Gavin H Watkins

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Bovine tuberculosis (TB) is a zoonotic disease that can have serious consequences for cattle farming and, potentially, for public health. In Britain, failure to control bovine TB has been linked to persistent infection of European badger (Meles meles) populations. However, culling of badgers in the vicinity of recent TB outbreaks in cattle has failed to(More)
The Randomized Badger Culling Trial (RBCT) began in 1998 to determine the impact of badger culling in controlling bovine tuberculosis in cattle. A total of 1166 badgers (14% of total) proactively culled during the RBCT were found to be tuberculous, offering a unique opportunity to study the pathology caused by Mycobacterium bovis in a large sample of(More)
Between October 2005 and May 2006, a total of 727 badgers found dead in Wales were reported, and 550 were delivered to the Regional Laboratories of the Veterinary Laboratories Agency (VLA). Of the 459 carcasses suitable for examination, 55 were deemed to be infected with Mycobacterium bovis on the basis of culture, spoligotyping, and variable-number tandem(More)
The prevalence, aetiology and epidemiological features of subclinical mastitis were investigated in 358 lowland ewes in seven flocks in southern England. Milk samples (2092) were collected at 3-weekly intervals; those which were both bacteriologically and Whiteside test positive were deemed to have originated from glands with subclinical mastitis. The(More)
In a survey, 457 badgers that had been found dead in Wales were postmortem-examined, and samples were examined by histology and by extended culture (for up to 12 weeks). Mycobacterium bovis was cultured from 55 badgers (12.0 per cent), and the histology typical of M bovis infection was seen in a further six (1.3 per cent). The prevalence in badgers in each(More)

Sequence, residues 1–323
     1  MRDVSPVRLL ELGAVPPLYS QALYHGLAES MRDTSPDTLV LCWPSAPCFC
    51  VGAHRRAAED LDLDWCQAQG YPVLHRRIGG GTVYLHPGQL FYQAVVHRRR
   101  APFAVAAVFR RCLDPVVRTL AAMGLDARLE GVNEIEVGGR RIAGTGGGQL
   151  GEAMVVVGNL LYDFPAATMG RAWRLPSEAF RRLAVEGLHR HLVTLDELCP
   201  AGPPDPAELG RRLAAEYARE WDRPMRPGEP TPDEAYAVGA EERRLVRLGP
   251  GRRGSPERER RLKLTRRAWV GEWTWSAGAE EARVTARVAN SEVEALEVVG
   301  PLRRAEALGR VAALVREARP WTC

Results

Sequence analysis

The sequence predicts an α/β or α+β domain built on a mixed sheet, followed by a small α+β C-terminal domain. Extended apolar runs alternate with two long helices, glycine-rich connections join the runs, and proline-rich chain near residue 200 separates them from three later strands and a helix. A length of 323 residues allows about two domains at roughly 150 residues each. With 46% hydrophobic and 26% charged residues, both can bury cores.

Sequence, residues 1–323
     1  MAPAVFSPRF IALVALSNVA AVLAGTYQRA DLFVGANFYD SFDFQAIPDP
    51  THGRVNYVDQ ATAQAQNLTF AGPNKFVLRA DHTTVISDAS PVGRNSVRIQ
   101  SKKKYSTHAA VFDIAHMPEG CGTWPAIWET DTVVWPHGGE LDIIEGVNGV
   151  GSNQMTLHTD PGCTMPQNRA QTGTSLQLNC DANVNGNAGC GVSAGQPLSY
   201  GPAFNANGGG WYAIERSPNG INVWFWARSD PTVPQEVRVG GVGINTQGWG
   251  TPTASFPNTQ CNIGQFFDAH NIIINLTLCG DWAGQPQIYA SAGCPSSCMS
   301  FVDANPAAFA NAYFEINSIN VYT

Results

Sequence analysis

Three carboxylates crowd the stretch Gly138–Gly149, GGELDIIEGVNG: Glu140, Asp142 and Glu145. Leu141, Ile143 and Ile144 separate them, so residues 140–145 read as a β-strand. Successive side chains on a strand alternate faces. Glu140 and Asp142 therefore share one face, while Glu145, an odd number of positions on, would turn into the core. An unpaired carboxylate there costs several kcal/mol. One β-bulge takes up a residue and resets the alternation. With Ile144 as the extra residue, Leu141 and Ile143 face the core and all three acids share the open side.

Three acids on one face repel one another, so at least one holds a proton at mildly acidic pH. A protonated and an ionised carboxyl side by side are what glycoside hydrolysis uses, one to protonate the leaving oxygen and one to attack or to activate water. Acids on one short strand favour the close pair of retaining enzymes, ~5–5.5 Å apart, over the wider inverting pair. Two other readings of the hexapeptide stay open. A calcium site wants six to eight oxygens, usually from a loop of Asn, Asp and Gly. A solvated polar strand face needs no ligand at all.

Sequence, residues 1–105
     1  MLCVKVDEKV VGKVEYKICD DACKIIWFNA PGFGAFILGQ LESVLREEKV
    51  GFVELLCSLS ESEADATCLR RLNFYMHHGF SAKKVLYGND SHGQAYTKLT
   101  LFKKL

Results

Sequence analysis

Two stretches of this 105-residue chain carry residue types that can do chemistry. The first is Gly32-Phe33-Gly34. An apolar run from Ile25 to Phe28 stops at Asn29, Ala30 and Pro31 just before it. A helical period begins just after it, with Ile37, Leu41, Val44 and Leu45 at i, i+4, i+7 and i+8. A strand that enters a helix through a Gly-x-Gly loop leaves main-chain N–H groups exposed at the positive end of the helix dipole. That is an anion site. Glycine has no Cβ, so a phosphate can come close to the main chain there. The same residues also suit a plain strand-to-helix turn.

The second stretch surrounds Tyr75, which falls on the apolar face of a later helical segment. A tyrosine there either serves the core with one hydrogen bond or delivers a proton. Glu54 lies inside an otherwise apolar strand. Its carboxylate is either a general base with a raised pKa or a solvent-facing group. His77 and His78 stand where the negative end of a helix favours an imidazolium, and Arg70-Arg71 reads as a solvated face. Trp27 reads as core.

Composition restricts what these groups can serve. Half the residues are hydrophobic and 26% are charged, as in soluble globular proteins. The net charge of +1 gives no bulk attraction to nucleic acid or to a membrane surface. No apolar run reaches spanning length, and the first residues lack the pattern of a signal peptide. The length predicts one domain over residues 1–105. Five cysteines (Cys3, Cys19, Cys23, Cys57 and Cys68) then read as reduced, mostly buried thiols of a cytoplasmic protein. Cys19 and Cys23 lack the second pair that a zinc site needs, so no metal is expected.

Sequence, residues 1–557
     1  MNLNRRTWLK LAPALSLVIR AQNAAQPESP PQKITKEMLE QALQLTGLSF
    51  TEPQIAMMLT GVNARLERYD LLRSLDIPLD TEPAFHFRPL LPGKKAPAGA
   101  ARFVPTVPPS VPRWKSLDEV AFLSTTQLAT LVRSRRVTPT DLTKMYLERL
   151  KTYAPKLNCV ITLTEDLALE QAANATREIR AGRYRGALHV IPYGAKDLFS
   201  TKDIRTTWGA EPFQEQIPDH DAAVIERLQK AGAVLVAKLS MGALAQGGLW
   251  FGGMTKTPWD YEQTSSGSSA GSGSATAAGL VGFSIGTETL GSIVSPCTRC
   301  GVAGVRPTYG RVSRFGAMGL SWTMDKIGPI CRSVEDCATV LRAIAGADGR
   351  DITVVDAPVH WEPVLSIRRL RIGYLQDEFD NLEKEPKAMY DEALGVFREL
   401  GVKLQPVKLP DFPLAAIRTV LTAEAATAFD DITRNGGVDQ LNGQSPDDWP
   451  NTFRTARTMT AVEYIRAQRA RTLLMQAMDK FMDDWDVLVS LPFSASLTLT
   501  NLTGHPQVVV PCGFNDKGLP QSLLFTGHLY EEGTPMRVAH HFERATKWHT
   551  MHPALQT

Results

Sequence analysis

Intense bombardment of the moon and terrestrial planets approximately 3.9-4.0 x 10(9) years ago could have caused the chemical reprocessing of the Earth's primitive atmosphere. In particular, the shock heating and rapid quenching caused by the impact of large bodies into the atmosphere could produce molecules such as HCN and H2CO4 which are important(More)
would be determined not only by the production, but also by the (hydrolytic) destruction rate of polyphosphate before it could reach the deep ocean. A detailed discussion has to take into account the following considerations (8), among others: Phosphate would condense out of rock vapor after much of the silicate had condensed. So, rock rain would(More)
An isolate of Pasteurella haemolytica (A9), which consistently produced severe mastitis in ewes, was inoculated into the lactating mammary glands of a variety of species. Mastitis did not develop after the inoculation of log-phase bacteria into the mammary gland of lactating mice, rats, rabbits or sows but did so in the mammary gland of two cows. Another A9(More)